Alison Smith on open data: 'As a disabled deaf geek, I've embraced technology'
In the wave of new technologies that are transforming the arts and culture sectors, are deaf and disabled people being left behind?
Ahead of her talk at the ODI Summit, we speak with disability arts specialist Alison Smith.
As well as managing numerous disability arts programmes, Alison has also been a performance poet. Alison founded Pesky People in 2009 to improve digital access and inclusion for deaf and disabled people. Pesky People highlights issues of digital discrimination, raises awareness among large corporations and gives disabled people a platform that hasn’t otherwise existed.
Hi Alison. As a deaf and disabled person and an arts lover you have seen for yourself the barriers of inaccessibility in the arts world. Has the situation improved in recent years?
The arts sector has embraced new technology to some extent, with more live streamed events, apps and social media. But I believe the situation for disabled and deaf audiences has worsened in recent years as organisations fail to treat digital access as a priority.
The lack of understanding of digital accessibility across the cultural sector means that arts organisations just don’t get it. This will only change when funders introduce guidelines that ensure digital accessibility is part of future investment.
You set up Pesky People in 2008 as a response to a lack of digital access or inclusion online. Where have you made most headway since then, and what have been your biggest challenges?
One of our biggest achievements was to develop Help 999, an app to allow deaf people to contact the emergency services more quickly and easily, as part of the ODI’s Crime and Justice challenge series. It has now been accepted on an accreditation scheme pilot for the emergency services.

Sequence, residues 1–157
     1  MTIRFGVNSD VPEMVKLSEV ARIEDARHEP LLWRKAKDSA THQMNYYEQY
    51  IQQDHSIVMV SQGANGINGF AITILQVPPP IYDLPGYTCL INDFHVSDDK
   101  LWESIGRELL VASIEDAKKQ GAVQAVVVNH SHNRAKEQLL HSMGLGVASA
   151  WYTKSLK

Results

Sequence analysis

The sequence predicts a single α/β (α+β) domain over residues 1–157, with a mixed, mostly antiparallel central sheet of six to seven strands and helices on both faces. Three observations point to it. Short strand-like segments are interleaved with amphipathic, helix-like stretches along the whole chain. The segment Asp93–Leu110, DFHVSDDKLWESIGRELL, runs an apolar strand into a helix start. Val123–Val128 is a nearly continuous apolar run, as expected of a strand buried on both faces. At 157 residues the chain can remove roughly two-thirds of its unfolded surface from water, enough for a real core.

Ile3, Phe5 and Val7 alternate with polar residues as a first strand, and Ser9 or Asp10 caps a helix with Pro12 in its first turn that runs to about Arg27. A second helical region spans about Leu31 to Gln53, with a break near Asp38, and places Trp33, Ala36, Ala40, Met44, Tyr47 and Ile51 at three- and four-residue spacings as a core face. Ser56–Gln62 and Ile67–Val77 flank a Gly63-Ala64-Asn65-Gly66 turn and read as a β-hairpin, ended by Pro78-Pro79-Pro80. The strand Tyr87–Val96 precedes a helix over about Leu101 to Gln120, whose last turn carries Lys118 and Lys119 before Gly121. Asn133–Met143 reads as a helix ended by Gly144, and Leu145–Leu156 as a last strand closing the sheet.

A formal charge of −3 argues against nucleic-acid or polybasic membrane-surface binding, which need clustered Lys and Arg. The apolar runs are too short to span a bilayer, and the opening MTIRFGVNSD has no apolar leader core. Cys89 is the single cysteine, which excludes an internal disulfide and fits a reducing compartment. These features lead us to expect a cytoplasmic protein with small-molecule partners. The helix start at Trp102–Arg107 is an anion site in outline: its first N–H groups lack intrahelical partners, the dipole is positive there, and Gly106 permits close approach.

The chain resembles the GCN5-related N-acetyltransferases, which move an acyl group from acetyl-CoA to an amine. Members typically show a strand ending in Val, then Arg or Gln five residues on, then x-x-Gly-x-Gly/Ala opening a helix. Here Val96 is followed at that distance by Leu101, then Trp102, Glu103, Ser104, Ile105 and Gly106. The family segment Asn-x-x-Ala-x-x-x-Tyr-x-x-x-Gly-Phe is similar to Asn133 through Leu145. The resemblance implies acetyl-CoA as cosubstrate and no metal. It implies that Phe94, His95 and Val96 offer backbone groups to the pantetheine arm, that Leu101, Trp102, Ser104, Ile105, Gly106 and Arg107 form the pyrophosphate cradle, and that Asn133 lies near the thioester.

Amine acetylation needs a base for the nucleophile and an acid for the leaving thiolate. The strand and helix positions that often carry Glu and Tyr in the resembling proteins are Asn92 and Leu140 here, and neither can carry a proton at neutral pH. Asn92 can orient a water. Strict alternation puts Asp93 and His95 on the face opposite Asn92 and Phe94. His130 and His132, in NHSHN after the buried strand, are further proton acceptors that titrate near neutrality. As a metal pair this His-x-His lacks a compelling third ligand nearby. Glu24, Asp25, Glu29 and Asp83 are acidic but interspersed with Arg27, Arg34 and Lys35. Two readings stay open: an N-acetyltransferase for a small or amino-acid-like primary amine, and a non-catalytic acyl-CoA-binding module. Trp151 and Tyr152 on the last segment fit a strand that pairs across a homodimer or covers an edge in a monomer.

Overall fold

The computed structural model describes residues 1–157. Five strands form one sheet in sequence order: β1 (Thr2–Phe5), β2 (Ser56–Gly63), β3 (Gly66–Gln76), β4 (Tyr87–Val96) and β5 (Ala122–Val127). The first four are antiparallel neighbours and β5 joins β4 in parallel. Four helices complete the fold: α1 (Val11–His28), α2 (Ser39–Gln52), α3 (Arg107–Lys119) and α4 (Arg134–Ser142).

The #subtitlesnow campaign that I led in June 2012 reached 50,000 people within days through Twitter and Facebook, and showed that deaf people could mobilise to raise important issues. We joined forces with a sister campaign called #captionthis in the USA to challenge on-demand broadcasters to make their content accessible to deaf audiences.
Securing funding has been a challenge. It’s hard to convince people of the potential and economic value of disabled people.
What will you be talking about at the ODI Summit?
I’ll be talking about how digital technology improves the lives of disabled people, but also my own journey as a disabled deaf geek and how I have embraced technology in developing Pesky People.
Which other sessions are you most looking forward to?
All of the sessions look fantastic. I’m particularly looking forward to the Open data in humanitarian crises: disaster recovery in the Philippines talk with Kat Borlongan and the panel discussion on the intersection of web science, technology & open data.
What direction do you see open data heading in over the next five years, and what most excites you about its future?
I believe we will see open data being used more to challenge and change the way different industries work. We can use it to hold people more accountable and advocate for change.
I’m also excited about how we can use personal data to improve and inform our decisions. For example, I would love to see individuals using open data to challenge insurance companies. My travel insurance immediately doubles the moment I inform the insurance company I have asthma, despite having never been hospitalised with it.
As more councils, cities and countries open up their data, which sector do you think stands to gain the most, and why?
I’d like to see public social data being used to improve the lives of citizens. Particularly with sweeping austerity cuts that have impacted heavily on disabled people, people in poverty, the public sector and the NHS.
The health industry stands to gain all-round, particularly in the ways medical data is collated and used. As individuals, we also have to be aware that such data can be used to our advantage and disadvantage.
We are already sharing our personal data to such a degree we may find ourselves choosing what personal data we want to be offered as open or closed, but again that depends on how we interact with social media.